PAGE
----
However, new installations of photovoltaic systems have slowed down steadily since the beginning of the year 2011. Also, it was estimated in the year 2017 that over 70 percent of the employment in the solar industry of the country have been lost in recent years. Solar power in Germany has gone through rough times since it has been started in the wake of Germany’s Renewable Energy Act in the year 2000. However, German companies quickly loomed to global leadership in solar power technology before a collapse in the solar industry happen and some of the companies were forced to hold their businesses.

Proponents from the Photovoltaic industry blamed the government for its lack of commitment in the said industry, while others point out that the loss of jobs in the solar sector is due to financial burden that was associated with the fast-paced launching and manufacturing of photovoltaics, which in their perspective was very unsustainable to the transition of renewable energies.

With all of these, still, the official governmental goal of Germany is to continuously improve and increase the contribution of renewable energy to the country’s overall electricity generation and consumption. By 2020, Germany is aiming for a long-term minimum target of 35 percent capacity, 50 percent by 2030 and around 80 percent power capacity by the end of 2050.

Currently, the country is significantly producing more electricity at specific times with high solar irradiation than the country’s needs, slowing down spot-market prices and exporting the country’s electricity surplus to nearby countries. In 2014, the record of exported electricity surplus reached almost 34 TWh. The decline of spot-prices in the market may raise the electricity prices for retail customers, as the expansion of the guaranteed feed-in tariff and spot-price increases as well.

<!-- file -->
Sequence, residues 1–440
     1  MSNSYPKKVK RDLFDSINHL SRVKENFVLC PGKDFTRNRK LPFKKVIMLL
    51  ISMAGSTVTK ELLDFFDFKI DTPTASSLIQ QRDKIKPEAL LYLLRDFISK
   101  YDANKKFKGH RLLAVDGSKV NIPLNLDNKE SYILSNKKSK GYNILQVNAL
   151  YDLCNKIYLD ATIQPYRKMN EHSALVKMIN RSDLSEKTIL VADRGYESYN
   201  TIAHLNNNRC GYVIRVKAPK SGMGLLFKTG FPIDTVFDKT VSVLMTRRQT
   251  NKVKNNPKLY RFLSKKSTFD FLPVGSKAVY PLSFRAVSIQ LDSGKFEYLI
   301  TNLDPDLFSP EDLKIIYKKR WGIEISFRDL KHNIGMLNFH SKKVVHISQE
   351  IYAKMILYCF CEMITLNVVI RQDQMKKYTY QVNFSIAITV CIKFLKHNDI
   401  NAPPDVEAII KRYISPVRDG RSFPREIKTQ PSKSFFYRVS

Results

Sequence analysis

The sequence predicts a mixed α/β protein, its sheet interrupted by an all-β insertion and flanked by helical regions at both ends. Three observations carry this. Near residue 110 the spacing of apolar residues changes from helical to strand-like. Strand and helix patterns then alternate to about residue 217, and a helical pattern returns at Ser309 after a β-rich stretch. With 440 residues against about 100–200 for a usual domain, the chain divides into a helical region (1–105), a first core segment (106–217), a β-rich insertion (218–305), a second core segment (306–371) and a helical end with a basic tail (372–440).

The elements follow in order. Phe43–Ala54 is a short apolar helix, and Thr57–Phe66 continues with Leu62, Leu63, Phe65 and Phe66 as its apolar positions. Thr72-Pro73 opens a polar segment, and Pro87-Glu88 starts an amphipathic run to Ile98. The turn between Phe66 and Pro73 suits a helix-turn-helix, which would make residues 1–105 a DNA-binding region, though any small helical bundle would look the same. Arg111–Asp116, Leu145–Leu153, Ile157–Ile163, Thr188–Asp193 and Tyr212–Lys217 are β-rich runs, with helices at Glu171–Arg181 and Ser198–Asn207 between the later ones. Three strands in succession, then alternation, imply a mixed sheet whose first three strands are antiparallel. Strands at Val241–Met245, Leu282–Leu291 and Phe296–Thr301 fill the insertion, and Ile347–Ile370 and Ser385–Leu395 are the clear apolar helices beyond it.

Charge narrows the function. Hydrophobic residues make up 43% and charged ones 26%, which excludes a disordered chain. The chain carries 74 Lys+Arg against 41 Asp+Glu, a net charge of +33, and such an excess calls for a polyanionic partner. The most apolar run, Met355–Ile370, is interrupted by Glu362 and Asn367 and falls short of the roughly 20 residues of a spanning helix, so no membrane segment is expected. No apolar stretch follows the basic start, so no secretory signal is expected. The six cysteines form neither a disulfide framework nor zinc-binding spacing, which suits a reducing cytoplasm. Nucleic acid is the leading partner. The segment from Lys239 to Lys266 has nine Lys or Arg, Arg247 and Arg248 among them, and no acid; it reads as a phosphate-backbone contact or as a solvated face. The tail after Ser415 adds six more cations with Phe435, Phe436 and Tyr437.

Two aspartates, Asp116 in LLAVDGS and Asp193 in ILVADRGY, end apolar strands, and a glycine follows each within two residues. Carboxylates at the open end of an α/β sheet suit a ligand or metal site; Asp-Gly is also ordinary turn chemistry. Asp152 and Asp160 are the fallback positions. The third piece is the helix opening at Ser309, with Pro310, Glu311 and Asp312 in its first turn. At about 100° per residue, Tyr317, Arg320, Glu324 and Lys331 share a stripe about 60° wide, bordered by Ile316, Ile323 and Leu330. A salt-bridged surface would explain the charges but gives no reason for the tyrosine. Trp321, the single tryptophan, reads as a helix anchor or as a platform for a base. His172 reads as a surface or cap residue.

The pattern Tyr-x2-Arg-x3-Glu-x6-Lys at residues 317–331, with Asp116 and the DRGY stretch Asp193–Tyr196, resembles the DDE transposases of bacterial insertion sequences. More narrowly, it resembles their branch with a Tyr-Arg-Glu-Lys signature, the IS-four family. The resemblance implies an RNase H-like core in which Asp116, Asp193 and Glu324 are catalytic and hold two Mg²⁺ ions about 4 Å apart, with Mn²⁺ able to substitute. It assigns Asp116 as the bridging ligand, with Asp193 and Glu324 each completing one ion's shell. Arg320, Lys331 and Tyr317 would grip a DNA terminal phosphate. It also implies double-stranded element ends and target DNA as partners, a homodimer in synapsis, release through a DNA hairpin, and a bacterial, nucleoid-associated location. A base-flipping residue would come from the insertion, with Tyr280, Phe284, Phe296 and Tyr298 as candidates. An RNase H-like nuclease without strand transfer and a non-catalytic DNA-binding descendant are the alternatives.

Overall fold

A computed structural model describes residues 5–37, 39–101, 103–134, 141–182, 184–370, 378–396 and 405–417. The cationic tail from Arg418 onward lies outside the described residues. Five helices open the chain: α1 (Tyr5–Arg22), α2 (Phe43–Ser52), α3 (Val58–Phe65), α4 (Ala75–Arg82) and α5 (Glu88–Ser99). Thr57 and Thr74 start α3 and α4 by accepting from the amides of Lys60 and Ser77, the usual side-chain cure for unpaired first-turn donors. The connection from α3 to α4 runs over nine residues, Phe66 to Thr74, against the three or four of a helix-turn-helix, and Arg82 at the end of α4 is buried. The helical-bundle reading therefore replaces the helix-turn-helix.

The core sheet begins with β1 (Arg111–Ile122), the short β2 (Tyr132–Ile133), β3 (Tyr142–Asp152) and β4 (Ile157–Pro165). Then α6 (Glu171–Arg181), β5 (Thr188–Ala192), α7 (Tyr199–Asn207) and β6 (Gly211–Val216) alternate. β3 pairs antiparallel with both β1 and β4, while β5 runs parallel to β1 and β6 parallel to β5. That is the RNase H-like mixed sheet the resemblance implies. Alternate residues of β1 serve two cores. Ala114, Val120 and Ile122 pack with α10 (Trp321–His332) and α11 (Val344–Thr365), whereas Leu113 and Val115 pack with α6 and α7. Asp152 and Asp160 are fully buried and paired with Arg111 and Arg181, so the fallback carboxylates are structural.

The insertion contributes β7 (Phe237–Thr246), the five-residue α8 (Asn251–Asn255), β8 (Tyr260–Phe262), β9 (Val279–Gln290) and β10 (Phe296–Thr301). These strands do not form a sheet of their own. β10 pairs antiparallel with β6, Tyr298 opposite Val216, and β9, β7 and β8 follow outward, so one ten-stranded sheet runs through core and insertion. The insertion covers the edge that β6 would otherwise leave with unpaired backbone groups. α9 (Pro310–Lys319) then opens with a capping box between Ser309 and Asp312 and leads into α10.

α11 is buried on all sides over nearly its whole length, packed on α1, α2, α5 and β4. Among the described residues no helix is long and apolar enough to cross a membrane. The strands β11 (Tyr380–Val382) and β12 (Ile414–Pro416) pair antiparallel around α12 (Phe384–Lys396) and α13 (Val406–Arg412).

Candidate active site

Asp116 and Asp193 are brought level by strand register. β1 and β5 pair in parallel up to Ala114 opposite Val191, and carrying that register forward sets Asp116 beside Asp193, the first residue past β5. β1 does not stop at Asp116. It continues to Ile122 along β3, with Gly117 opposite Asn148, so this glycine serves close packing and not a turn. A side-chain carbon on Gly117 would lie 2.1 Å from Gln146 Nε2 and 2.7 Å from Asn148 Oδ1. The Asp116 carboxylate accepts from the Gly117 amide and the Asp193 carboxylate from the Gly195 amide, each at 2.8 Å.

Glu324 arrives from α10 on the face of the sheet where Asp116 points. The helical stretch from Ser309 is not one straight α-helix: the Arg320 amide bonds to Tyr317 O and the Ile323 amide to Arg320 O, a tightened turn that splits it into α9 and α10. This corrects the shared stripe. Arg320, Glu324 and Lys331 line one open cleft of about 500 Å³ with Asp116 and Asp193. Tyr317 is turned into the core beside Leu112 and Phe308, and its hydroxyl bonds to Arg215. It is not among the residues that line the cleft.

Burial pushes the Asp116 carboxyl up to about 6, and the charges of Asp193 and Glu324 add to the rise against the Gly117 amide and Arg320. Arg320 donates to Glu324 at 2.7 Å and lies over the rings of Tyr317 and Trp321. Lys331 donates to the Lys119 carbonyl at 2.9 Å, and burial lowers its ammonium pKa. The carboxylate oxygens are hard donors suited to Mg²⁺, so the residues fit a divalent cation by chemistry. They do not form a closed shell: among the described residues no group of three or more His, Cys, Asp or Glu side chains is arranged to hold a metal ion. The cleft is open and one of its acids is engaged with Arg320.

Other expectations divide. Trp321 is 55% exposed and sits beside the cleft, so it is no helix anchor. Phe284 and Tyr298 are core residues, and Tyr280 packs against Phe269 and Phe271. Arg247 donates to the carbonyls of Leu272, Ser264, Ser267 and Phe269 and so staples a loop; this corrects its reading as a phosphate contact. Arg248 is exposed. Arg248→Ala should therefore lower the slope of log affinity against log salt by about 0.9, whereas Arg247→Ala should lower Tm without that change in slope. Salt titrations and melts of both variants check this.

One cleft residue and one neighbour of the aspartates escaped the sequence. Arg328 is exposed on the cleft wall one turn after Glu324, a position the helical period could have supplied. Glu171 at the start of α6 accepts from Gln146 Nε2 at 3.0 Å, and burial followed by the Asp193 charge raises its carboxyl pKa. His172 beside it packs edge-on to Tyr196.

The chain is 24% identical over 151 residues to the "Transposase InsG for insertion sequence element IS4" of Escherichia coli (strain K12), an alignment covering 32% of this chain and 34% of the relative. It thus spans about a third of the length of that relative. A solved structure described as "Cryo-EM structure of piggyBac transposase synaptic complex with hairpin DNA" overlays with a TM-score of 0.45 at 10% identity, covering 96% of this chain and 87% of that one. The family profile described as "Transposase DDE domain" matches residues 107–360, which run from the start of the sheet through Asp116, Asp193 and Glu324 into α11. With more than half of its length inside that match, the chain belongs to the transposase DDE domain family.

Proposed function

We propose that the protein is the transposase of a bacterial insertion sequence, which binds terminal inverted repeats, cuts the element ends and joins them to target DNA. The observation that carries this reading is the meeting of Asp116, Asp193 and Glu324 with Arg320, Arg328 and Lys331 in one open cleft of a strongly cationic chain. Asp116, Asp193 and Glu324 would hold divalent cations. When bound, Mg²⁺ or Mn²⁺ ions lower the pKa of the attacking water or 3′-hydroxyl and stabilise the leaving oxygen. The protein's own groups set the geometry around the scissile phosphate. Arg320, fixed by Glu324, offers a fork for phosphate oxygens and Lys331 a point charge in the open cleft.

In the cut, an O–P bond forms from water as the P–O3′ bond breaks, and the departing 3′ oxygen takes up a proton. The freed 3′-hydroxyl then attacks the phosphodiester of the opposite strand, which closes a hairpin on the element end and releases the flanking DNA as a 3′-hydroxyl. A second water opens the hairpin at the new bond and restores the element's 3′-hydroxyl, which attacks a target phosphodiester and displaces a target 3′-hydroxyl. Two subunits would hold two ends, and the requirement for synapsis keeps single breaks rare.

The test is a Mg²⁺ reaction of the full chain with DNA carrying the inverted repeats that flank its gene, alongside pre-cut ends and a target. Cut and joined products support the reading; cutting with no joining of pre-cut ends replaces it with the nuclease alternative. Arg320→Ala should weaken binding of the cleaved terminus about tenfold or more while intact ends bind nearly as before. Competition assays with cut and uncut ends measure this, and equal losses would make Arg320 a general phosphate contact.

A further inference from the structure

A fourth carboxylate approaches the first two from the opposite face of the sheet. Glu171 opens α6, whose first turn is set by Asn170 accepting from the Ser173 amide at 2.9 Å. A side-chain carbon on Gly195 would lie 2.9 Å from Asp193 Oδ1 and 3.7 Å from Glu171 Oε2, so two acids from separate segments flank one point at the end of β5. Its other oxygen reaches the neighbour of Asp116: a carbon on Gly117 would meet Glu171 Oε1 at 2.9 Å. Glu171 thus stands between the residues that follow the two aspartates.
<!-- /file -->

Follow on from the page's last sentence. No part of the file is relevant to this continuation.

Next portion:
As the combined share of fluctuating wind and solar energy is nearly achieving 17 percent of the national electricity mix, energy issues and problems are also being prevented and others becoming more manageable. This is because of the electrical grid adaptation, new grid-storage capacity construction, reduction of fossil fuels, altering of nuclear power plants and constructing a new generation of combined heat and power plants. Today, nuclear power and brown coal are the cheapest suppliers of electricity in Germany.

Seeking solar materials suppliers?

Don’t run around requesting for quotes. Let quotes come to you!